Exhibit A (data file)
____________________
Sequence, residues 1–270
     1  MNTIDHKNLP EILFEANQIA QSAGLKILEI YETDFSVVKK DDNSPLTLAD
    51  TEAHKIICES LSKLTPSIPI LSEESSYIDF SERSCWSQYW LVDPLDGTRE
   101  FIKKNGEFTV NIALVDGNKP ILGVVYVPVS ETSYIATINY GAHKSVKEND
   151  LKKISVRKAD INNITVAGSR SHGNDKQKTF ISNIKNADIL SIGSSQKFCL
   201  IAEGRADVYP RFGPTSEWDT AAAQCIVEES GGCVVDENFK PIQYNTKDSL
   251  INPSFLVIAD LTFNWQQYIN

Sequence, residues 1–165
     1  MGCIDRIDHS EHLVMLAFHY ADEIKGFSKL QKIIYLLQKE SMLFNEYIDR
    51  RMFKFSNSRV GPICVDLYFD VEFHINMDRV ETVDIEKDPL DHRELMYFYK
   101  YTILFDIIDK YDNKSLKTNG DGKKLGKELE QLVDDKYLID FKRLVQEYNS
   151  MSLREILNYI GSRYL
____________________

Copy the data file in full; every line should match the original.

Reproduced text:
Sequence, residues 1–270
     1  MNTIDHKNLP EILFEANQIA QSAGLKILEI YETDFSVVKK DDNSPLTLAD
    51  TEAHKIICES LSKLTPSIPI LSEESSYIDF SERSCWSQYW LVDPLDGTRE
   101  FIKKNGEFTV NIALVDGNKP ILGVVYVPVS ETSYIATINY GAHKSVKEND
   151  LKKISVRKAD INNITVAGSR SHGNDKQKTF ISNIKNADIL SIGSSQKFCL
   201  IAEGRADVYP RFGPTSEWDT AAAQCIVEES GGCVVDENFK PIQYNTKDSL
   251  INPSFLVIAD LTFNWQQYIN

Sequence, residues 1–165
     1  MGCIDRIDHS EHLVMLAFHY ADEIKGFSKL QKIIYLLQKE SMLFNEYIDR
    51  RMFKFSNSRV GPICVDLYFD VEFHINMDRV ETVDIEKDPL DHRELMYFYK
   101  YTILFDIIDK YDNKSLKTNG DGKKLGKELE QLVDDKYLID FKRLVQEYNS
   151  MSLREILNYI GSRYL